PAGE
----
Rogue Audio was also showing off the yet-to-be-released Ares phono preamplifier. The preamp can be run in all-tube or hybrid tube/solid-state to allow it to work with any cartridge you might want to throw at it. Mark O'Brien told me he was completing the design as recently as two weeks ago. The Ares will retail for $1995 and will start shipping at the end of June 2010.
Mark O'Brien of Rogue Audio was showing off the new Tempest III integrated amplifier ($2999). The III (an update to the Tempest II) offers 90Wpc and comes with a remote control. It also features an optional 10dB boost of solid-state gain before the signal hits the tube section, which is selectable on the front panel. Also on the front panel is a high quality headphone output. Mark was playing the Apollo monoblock amps in the room's live system, so I did not get a chance to hear it. Hey Stephen Mejias, might this be the new amp you are looking for?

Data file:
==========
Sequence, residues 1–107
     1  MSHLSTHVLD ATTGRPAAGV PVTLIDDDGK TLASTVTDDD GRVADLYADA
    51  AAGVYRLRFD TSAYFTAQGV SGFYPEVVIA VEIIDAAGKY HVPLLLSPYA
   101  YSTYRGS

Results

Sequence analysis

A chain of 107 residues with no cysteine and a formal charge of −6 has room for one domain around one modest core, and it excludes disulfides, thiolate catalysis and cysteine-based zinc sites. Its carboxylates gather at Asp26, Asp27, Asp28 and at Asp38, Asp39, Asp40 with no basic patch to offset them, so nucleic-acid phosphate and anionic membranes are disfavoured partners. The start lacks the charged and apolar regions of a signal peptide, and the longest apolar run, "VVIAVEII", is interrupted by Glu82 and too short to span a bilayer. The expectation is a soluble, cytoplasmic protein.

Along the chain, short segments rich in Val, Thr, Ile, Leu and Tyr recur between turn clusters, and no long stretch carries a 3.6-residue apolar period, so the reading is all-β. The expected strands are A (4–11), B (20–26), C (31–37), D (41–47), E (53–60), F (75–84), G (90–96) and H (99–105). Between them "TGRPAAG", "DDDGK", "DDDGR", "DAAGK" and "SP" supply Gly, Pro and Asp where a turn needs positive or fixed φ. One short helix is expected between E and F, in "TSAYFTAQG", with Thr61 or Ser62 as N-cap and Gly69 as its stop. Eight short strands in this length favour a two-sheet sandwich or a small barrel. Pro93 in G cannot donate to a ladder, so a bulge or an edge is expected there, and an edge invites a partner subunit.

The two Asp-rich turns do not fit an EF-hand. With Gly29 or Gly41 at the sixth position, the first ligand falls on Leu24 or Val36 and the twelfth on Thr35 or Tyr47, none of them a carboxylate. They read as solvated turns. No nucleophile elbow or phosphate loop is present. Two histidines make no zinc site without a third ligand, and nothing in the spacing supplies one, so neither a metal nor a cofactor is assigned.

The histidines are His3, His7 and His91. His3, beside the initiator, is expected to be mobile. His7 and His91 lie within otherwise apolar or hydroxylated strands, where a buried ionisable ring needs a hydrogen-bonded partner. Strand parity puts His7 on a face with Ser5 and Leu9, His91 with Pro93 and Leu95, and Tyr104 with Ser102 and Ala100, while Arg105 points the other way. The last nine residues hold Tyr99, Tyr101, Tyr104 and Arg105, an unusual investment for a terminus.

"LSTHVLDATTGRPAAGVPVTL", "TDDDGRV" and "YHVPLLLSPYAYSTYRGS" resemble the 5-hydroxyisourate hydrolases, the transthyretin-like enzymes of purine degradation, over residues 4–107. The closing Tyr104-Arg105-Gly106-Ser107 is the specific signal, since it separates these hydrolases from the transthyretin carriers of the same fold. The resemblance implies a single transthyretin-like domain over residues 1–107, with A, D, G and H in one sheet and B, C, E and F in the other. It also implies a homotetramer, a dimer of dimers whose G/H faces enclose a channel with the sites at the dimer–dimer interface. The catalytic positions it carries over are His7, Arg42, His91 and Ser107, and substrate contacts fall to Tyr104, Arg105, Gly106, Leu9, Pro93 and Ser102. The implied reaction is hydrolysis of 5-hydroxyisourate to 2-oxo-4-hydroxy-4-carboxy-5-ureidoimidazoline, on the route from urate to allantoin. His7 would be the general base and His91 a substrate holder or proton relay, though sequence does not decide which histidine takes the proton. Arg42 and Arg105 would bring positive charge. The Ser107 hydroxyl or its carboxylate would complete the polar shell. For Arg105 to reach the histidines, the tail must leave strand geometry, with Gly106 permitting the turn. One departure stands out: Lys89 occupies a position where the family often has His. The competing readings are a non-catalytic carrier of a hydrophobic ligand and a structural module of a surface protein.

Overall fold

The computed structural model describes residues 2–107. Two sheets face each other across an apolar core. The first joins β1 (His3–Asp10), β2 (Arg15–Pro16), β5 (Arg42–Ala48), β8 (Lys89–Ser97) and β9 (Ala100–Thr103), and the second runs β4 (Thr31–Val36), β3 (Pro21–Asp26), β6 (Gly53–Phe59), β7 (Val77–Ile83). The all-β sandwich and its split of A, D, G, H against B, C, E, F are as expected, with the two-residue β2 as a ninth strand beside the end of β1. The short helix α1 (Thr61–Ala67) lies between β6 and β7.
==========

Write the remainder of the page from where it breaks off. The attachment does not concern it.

Newly unveiled in the Cary Audio room was the CAD 211 Founders Edition amplifier. This fully balanced monoblock retails for $20,000/pair. The amps have taps for 4, 8 and 16 ohm speakers and specified as putting out 70W in class-A, increasing to 110W when pushed into class-AB. They also employ zero feedback so I'm not going to send them to JA's test bench (low-feedback designs seem to make him grumpy). They sounded sweet and full-bodied driving the Marten Coltrane speakers, with cabling by Tara Labs. It is ironic, however, noted JA, that Cary founder Dennis Had retired from Cary in the fall of 2009.